That will be interesting to watch in Game 6. Giving the Lightning a man-advantage was a death sentence. But if they’re scoring 5-on-5 as well, Washington is going to be in a world of hurt.

This isn’t helping either:

MORE:
Conference Finals schedule, TV info
NBC’s Stanley Cup Playoff Hub


Scott Billeck is a writer for Pro Hockey Talk on NBC Sports. Drop him a line at phtblog@nbcsports.com or follow him on Twitter @scottbilleck

NHL Playoffs 2018: Conference Finals TV Schedule

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The conference finals are now set with the Tampa Bay Lightning and Washington Capitals meeting in the East and the Vegas Golden Knights and Winnipeg Jets facing off in the West. The round to determine who will play for the 2018 Stanley Cup will begin Friday.

Here’s the full Round 3 schedule:

Tampa Bay Lightning vs. Washington Capitals (Lightning lead series 3-2)

Friday, May 11, 8pm: Capitals 4, Lightning 2
Sunday, May 13, 8pm: Capitals 6, Lightning 2
Tuesday, May 15, 8pm: Lightning 4, Capitals 2
Thursday, May 17, 8pm: Lightning 4, Capitals 2
Saturday, May 19, 7:15pm: Lightning 3, Capitals 2
Monday, May 21, 8pm: Lightning @ Capitals | NBCSN
*Wednesday, May 23, 8pm: Capitals @ Lightning | NBCSN

Vegas Golden Knights vs. Winnipeg Jets (Golden Knights lead series 3-1)

Saturday, May 12, 7pm: Jets 4, Golden Knights 2
Monday, May 14, 8pm: Golden Knights 3, Jets 1
Wednesday, May 16, 9pm: Golden Knights 4, Jets 2
Friday, May 18, 8pm: Golden Knights 3, Jets 2
Sunday, May 20, 3pm: Golden Knights @ Jets | NBC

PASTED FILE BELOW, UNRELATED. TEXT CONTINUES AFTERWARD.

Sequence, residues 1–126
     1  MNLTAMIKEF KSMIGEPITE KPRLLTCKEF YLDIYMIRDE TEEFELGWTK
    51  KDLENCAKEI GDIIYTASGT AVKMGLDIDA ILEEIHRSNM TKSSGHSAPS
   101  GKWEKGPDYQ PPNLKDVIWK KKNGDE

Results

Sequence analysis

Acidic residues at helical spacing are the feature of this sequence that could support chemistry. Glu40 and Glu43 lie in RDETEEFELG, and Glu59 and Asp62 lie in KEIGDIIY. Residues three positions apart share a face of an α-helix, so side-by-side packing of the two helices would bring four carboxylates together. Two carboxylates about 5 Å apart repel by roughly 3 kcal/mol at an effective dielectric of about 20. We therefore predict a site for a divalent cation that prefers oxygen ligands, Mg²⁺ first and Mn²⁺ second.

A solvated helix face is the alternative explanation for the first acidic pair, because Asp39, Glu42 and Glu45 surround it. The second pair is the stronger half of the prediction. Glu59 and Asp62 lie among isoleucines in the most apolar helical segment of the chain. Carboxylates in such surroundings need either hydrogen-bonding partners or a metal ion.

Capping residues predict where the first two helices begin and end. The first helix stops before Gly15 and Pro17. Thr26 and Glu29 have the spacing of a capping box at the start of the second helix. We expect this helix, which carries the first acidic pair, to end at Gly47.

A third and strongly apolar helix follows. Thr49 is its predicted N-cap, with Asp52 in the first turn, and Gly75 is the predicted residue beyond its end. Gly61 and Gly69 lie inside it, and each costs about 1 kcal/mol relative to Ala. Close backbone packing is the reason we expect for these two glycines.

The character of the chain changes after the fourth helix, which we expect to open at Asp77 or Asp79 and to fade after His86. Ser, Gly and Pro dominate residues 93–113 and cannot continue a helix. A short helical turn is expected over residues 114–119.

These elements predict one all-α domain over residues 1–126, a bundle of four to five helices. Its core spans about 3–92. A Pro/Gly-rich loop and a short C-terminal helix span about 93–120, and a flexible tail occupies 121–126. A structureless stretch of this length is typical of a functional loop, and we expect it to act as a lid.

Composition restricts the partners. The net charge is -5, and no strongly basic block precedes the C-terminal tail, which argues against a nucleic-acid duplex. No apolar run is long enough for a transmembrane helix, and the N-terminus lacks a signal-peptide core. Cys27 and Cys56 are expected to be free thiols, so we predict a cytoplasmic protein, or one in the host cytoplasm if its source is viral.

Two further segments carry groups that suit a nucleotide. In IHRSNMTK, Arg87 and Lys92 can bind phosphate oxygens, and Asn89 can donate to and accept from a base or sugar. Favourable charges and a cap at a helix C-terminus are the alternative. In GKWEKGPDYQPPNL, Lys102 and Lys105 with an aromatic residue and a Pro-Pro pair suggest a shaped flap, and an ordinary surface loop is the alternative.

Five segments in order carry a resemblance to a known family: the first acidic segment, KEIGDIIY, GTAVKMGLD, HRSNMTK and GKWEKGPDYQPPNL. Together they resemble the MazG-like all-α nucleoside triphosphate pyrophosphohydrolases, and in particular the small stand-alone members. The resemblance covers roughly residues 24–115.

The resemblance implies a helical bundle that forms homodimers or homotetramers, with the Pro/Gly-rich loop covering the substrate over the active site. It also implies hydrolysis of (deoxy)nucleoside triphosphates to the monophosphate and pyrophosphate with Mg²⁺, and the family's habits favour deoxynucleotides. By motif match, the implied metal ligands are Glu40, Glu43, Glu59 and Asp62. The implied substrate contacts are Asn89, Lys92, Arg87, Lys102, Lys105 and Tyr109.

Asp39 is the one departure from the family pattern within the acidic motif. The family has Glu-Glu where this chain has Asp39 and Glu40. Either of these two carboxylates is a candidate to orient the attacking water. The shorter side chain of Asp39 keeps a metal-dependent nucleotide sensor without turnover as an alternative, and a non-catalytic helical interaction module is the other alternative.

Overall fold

*Tuesday, May 22, 9pm: Jets @ Golden Knights | NBCSN
*Thursday, May 24, 8pm: Golden Knights @ Jets | NBCSN

MORE:
PHT 2018 Conference Finals Roundtable
PHT predicts NHL’s Conference Finals
NBC’s Stanley Cup Playoff Hub

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Sean Leahy is a writer forPro Hockey Talk on NBC Sports. Drop him a line atphtblog@nbcsports.com or follow him on Twitter @Sean_Leahy.

Paquette sparks quick-start Lightning in Game 5

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It took the Tampa Bay Lightning all of 19 seconds to get themselves into Game 5 of the Eastern Conference Final against the Washington Capitals.

Yes, the Lightning scored on their first shot on goal as Cedric Paquette took advantage of a neutral-zone giveaway and then some questionable defending by the Capitals in response (and a nifty play by Ryan Callahan).

Tampa has been plagued by slow starts in this series, so getting a goal within the first thirty seconds of the game couldn’t have been scripted much better.

Ondrej Palat scored later in the period to give the Lightning a 2-0 lead after 20 minutes.

Both of Tampa’s goals also came 5-on-5, which hasn’t exactly been their strong suit in the Eastern final.

Neither team has won at home in this series, but Tampa took two big steps in the right direction in Game 5.

• Stream here
Series preview
Capitals vs. Lightning: Three questions facing each team

Capitals’ Burakovsky will be Game 5 scratch
Lightning survive barrage to even series with Capitals
• Baseball team to wear Washington Capitals-inspired jerseys (Photos)
Capitals confident in ability to continue road advantage vs. Lightning
Lightning power play, Capitals penalty kill will make or break series

MORE:
Conference Finals schedule, TV info
NBC’s Stanley Cup Playoff Hub


Scott Billeck is a writer for Pro Hockey Talk on NBC Sports. Drop him a line at phtblog@nbcsports.com or follow him on Twitter @scottbilleck